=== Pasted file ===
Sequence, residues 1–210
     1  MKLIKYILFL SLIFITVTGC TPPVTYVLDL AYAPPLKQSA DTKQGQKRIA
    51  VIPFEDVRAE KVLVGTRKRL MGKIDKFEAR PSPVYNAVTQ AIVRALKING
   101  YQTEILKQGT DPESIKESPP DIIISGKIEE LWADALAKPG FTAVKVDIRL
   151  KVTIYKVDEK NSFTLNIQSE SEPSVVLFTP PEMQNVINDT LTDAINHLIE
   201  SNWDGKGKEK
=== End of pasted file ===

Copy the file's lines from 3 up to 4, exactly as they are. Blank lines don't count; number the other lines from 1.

    51  VIPFEDVRAE KVLVGTRKRL MGKIDKFEAR PSPVYNAVTQ AIVRALKING
   101  YQTEILKQGT DPESIKESPP DIIISGKIEE LWADALAKPG FTAVKVDIRL